Norwegian maritime industrial giant Fred Olsen has launched a new company, Fred Olsen 1848, to fast-track a range of inventive offshore renewable energy technologies to market, including a modular floating wind concept dubbed ‘Brunel’, Recharge can reveal.
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The “innovation company”, named after the year in which its Oslo-headquartered parent started up its shipping business, has six new technologies it aims to commercialise, with the first three dedicated to floating wind farm construction and operation.
“In the various Fred Olsen companies we have built on our experience in renewables and have been working for a long time and on different innovations, [toward] solving market challenges, and especially in floating wind and solar, [which] are effectively new industries,” Sofie Olsen Jebsen, CEO of Fred Olsen 1848 said, speaking exclusively with Recharge before the company’s formal launch.
“We believe what is required is totally new thinking on solutions… to get the industries rolling into real industrialisation and get the pace of production you need for gigawatt-scale wind farms.
“Bringing these advanced – very different – technologies into one company will allow us to streamline the process of getting them into the market.”
Carolyn Heeps, Fred Olsen Renewables’ head of offshore wind, adds: “From the developer side as well, we can actually draw upon our innovative industrial history… and help bring forward the solutions that we need for the technologies of tomorrow but delivered ‘now’.”
Jebsen continues: “We have been developing these technologies for some time and we believe they are solidly founded… to be among ‘the’ solutions for the problems we face today [in terms of the need to speed up the energy transition to slow climate change].
“This is why we are forming this new company, to have more focus on these patent pending technologies, to bring them to commercialisation sooner.”
First out of harbour is Fred Olsen 1848’s ‘mobile port solution’, a concept that marries a jack-up installation vessel, a barge and feeder vessels to create an offshore facility in a sheltered area with mooring points where the turbine and foundation for floating wind units can be integrated rapidly for tow-out to a project site – without taking up valuable quayside space along a country’s coastlines.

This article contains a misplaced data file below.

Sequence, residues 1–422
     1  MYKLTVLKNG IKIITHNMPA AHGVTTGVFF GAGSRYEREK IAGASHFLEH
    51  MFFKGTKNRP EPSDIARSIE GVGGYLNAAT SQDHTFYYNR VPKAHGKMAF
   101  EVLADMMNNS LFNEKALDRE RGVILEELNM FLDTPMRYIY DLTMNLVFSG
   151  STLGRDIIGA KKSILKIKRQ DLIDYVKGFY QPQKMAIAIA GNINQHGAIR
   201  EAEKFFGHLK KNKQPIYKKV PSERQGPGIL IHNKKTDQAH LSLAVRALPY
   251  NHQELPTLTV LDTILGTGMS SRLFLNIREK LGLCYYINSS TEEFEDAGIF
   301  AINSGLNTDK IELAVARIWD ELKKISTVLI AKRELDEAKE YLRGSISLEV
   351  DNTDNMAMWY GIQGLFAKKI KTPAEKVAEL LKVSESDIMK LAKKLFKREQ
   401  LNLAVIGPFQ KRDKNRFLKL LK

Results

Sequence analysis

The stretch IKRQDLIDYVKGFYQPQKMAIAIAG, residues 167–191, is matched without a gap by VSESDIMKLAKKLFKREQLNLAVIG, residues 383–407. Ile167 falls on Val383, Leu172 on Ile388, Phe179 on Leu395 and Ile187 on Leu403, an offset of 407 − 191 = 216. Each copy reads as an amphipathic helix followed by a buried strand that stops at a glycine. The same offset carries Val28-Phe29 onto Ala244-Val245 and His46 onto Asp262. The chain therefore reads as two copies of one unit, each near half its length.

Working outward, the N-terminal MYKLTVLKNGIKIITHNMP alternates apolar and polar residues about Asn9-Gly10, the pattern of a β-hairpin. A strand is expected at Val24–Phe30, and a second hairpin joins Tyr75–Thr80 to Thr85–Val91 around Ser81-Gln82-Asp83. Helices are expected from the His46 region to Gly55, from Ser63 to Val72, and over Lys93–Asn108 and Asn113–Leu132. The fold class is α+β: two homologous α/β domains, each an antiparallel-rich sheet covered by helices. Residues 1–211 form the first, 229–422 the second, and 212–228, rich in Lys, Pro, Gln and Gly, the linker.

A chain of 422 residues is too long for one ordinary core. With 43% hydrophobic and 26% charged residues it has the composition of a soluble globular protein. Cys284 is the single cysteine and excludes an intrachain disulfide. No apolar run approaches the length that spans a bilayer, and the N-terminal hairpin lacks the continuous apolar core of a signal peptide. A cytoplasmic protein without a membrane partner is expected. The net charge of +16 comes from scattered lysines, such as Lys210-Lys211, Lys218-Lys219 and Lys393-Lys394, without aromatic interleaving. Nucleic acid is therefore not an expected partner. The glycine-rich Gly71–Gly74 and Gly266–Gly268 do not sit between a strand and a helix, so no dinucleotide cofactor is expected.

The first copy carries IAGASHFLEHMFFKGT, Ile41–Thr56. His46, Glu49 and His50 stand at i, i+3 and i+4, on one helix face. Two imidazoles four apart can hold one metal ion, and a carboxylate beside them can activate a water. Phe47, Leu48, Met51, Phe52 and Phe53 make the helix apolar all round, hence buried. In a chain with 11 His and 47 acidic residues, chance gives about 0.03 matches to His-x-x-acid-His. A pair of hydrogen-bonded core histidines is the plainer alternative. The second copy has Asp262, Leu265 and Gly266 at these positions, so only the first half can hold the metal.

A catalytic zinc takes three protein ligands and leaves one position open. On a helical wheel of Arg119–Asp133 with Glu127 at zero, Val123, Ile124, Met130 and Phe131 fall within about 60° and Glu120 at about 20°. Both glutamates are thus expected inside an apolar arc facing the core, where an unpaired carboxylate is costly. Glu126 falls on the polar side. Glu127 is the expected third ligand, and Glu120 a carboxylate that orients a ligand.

As Heeps notes, it is “a solution that has come about thanks to the technologies we already have ‘ready to go’ now, in order to do something innovative”. Devising new technology application aided by the “developer mindset”, she says, has led to solutions such as the MPS that dovetail existing technologies “into a different configuration to a solve a significant problem [in this case, the lack of port space to manufacture and deploy giga-scale floating wind farms].
“Innovation isn’t always about developing something ‘brand new’,” Heeps says.
The MPS has been woven into Fred Olsen Renewables joint bid with utility Vattenfall for Scotland’s upcoming ScotWind offshore wind auction, based on a sheltered location in Scapa Flow in the Orkney Islands as part of the partners’ proposed development project.
The Brunel floating wind foundation, a modular steel semisubmersible, is another “very solution-minded” innovation, says Jebsen, that weds new engineering intelligence and established industrial competency.
“This [design] is about trying to solve the serial production problem you have in floating wind. There are many visions about gigawatt-scale floating wind farms, but with the existing foundation concepts that are out there it will take years to build out one large floating wind farm.
“[It is] a solution suitable to automated production but that is also built upon the existing global supply chain for steel tubulars – for monopiles and towers, for instance – that you can tap right into for instant project scale and lower cost manufacturing,” says Jebsen.
The design, fashioned to be “fit for the next generation of wind turbines”, is currently in the concept certification phase and is expected to confirm itself to be “as advanced on a TRL [technical readiness level] as many designs out there” when it is formally unveiled in a short period of time.
The third technology that will form part of Fred Olsen 1848’s advance guard as the new company emerges into the market, is a crane solution for floating wind farm maintenance and operations that gets around the need to tow-in units to shore for repair when called for or if major components need to be swapped out.
The new company and its first suite of innovative technologies, says Jebsen, “all reflect the spirit of innovation and solving challenges that has long been part of who we are [in the Fred. Olsen related companies] and makes us work well together”.
“The tradition for innovation stems from when the ship-owning enterprise commenced in 1848. From [that year], the Fred Olsen group of companies has continuously contributed to major technological shifts, from sailing ships, to steam-driven vessels, to oil tankers, floating production and drilling rigs, and now back to wind again – on land, offshore and floating,” she says.
“We have a lot of people in the Fred Olsen related companies that are genuinely feel strongly about bringing renewables forward and want to contribute to helping to create a greener world. This new company is inspired by that.”